1. BAN CHOKEHOLDS: “Within 10 days of the Effective Date, the City will amend Police Department Policy and Procedure Manual §§ 5-100 (Code of Conduct), 5-300 (Use of Force), and 5-311 (Use of Neck Restraints and Choke Holds) to prohibit the use of all neck restraints or choke holds for any reason.”
  2. DUTY TO REPORT: Regardless of tenure or rank, any member of the City’s Police Department who observes another member of the City’s Police Department use any unauthorized use of force, including any choke hold or neck restraint, in violation of this Stipulation and Order, has an affirmative duty to immediately report the incident while still on scene by phone or radio to their Commander or their Commander’s superiors.”
  3. DUTY TO INTERVENE: Regardless of tenure or rank, any member of the City’s Police Department who observes another member of the City’s Police Department use any unauthorized use of force, including any choke hold or neck restraint in violation of this Stipulation and Order, must attempt to safely intervene by verbal and physical means, and if they do not do so shall be subject to discipline to the same severity as if they themselves engaged in the prohibited use of force.”
  4. CROWD CONTROL AUTHORIZATION: During protests and demonstrations, use of all crowd control weapons must be authorized only by the Chief of Police, or if the Chief is unavailable, the Chief’s designee at the rank of Deputy Chief or above. Crowd control weapons include, but are not limited to, chemical agents, rubber bullets, flash-bangs, batons, and marking rounds. The Police Department shall contemporaneously document the person who authorized the use of crowd control weapons and retain such documentation for a period of not less than seven years. Accordingly, within 10 days of the Effective Date, the City will amend Police Department Policy and Procedure Manual § 5-313 to reflect that chemical agents, regardless of canister size, may be used during crowd control situations if authorized only by the Chief of Police, or if the Chief is unavailable, the Chief’s designee at the rank of Deputy Chief or above. Any other provisions of the Police Department Policy and Procedure Manual that identify the authorized use of other crowd control weapons must also be amended within 10 days of the Effective Date to reflect that use of such weapons must be authorized only by the Chief of Police.”
  5. TIMELY DISCIPLINE DECISIONS: For all recommendations that are pending as of the Effective Date of this Stipulation and Order, the Police Chief must issue a decision on any recommendation from the City’s Office of Police Conduct Review (OPCR) within 45 calendar days of the Effective Date. For all recommendations of merit provided by the OPCR after the Effective Date of this Stipulation and Order, and for the duration of this Stipulation and Order, the Police Chief must issue a written memorandum explaining the basis their decision, including the relevant facts, policies and law supporting the decision, within 30 calendar days. If and when permitted by Minn. Stat. § 13.43, the decision and written memorandum will be immediately made available to the public via the City’s website and must also be available for physical inspection. Within 90 calendar days of the Effective Date of this Stipulation and Order, the City shall amend any city ordinances to conform to the requirements of this paragraph. The City shall also amend any city ordinances to fashion an appropriate remedy for the person filing the complaint if a determination on the OPCR’s recommendation of merit is not made within the 30 calendar day time period.”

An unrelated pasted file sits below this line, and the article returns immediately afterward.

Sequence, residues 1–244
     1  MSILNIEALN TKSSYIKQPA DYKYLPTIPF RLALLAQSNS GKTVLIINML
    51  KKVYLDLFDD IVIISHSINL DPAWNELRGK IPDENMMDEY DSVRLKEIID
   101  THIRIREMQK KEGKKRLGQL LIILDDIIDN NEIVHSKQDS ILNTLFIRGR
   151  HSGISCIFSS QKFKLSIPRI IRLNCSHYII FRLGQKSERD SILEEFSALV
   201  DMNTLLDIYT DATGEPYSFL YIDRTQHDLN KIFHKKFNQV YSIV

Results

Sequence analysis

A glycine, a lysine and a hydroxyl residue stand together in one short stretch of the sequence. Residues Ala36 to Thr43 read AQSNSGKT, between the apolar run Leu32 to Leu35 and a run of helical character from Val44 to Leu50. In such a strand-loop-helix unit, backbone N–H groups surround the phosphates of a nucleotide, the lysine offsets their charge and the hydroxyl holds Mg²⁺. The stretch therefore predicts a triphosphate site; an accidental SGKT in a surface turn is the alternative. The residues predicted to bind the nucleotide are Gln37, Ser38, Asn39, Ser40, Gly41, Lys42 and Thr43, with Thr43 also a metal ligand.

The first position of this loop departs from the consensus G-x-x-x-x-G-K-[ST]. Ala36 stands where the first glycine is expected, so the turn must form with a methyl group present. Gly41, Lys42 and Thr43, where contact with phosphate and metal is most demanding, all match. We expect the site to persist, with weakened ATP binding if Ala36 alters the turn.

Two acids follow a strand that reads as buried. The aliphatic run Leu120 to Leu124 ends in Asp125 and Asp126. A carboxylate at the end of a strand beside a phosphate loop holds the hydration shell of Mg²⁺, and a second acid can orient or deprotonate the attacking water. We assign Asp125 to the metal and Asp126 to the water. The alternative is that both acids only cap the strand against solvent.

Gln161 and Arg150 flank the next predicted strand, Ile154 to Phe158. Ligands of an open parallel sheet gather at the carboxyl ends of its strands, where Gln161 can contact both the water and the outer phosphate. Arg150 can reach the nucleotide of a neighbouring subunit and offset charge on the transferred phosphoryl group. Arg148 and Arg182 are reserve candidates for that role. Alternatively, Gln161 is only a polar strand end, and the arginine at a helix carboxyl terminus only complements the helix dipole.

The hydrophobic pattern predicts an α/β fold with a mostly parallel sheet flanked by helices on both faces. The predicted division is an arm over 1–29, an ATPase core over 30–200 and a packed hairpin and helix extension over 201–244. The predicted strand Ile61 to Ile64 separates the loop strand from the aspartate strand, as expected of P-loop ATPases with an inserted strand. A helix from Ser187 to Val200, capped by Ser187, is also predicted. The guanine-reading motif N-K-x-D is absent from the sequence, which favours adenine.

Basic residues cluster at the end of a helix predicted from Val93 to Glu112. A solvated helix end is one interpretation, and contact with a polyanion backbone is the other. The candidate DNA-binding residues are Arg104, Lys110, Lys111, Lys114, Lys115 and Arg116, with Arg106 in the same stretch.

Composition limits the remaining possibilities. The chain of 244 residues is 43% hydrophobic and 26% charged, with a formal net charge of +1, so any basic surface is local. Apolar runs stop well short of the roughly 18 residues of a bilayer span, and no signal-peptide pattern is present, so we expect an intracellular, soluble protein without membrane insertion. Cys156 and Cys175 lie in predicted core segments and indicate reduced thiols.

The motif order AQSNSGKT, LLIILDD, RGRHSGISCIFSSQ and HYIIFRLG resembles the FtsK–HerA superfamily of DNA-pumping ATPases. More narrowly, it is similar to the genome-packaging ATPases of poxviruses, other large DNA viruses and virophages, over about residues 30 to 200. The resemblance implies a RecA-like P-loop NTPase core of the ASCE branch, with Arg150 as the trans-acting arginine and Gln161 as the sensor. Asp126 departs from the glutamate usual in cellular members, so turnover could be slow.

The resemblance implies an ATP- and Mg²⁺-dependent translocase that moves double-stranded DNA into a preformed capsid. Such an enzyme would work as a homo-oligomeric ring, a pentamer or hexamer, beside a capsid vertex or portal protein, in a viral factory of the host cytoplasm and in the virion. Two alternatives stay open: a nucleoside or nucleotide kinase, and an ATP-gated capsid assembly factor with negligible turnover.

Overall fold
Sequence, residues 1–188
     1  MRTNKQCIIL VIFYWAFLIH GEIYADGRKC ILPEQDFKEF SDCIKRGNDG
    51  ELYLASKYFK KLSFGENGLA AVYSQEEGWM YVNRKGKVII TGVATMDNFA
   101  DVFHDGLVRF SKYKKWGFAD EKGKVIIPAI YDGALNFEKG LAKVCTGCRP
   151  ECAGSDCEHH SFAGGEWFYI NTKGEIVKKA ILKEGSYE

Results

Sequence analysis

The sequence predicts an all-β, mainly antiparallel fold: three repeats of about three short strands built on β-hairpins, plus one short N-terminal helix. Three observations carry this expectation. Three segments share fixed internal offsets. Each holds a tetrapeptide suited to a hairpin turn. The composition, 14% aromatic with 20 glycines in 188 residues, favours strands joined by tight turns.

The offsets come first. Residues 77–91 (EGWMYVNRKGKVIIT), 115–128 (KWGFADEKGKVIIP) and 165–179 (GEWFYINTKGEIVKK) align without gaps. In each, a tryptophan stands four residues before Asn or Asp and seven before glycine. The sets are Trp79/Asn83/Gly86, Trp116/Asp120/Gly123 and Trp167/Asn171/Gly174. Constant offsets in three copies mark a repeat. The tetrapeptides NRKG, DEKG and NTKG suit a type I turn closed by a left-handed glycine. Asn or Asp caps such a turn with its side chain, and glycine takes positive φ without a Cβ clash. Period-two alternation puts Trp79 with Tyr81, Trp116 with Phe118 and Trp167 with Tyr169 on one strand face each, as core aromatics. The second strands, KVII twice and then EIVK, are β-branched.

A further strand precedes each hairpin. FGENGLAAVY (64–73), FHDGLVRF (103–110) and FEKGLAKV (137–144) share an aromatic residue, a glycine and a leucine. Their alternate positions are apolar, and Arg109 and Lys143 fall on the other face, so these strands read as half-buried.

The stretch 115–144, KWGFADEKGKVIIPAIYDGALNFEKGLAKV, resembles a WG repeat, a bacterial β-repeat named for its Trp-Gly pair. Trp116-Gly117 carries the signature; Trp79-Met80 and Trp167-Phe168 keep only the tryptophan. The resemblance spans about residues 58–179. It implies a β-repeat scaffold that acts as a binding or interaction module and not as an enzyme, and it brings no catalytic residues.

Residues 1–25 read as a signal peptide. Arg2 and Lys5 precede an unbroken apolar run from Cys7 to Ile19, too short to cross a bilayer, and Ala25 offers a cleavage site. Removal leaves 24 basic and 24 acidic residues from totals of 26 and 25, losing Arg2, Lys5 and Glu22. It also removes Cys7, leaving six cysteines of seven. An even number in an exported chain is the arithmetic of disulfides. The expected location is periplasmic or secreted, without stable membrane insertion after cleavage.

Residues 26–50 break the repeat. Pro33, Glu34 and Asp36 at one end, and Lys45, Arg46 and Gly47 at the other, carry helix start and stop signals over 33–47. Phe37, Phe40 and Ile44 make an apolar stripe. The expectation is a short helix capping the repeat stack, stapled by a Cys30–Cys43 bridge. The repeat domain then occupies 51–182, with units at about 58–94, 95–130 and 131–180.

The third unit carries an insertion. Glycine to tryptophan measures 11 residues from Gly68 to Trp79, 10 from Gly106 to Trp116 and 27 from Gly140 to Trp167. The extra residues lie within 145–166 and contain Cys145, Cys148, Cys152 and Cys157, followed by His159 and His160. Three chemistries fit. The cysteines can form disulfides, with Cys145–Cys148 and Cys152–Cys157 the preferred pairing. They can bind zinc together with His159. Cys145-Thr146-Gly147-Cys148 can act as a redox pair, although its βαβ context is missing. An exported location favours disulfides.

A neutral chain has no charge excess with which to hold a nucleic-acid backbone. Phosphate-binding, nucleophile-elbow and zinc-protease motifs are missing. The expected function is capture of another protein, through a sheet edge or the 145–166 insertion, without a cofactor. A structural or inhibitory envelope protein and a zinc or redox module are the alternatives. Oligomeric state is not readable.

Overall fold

6. BODY WORN CAMERA FOOTAGE REVIEW: Civilian body worn camera footage analysts and investigators in the OPCR will have the authority to proactively and strategically audit body worn camera (BWC) footage and file or amend complaints on behalf of the Minneapolis Civil Rights Department. Within 90 calendar days of the Effective Date, the City of Minneapolis will submit to the Department of Human Rights a plan for detailing how it intends to strategically utilize this audit function to identify discriminatory practices in policing, including officer misconduct.”

In addition, the Stipulation, if and when it is approved by a district judge, would order the City of Minneapolis to do certain things to aid the Department’s current investigation as well as the following for “Building Toward Systemic Change:”

  1. “On or before July 30, 2020, the City Attorney shall prepare a report listing the State of Minnesota Laws that impede public transparency of police data and/or prevent the Mayor and Chief of Police and/or impede civilian oversight from disciplining and terminating police officers who do not adhere to Minneapolis Police Department policies and standards. “
  2. “The City shall prohibit all forms of retaliation, intimidation, coercion, or adverse action against any person, including any City employee, who reports misconduct or cooperates with MDHR’s Commissioner’s charge investigation. Any violation of this provision shall be considered a material breach of the Order and may result in further enforcement action by MDHR.“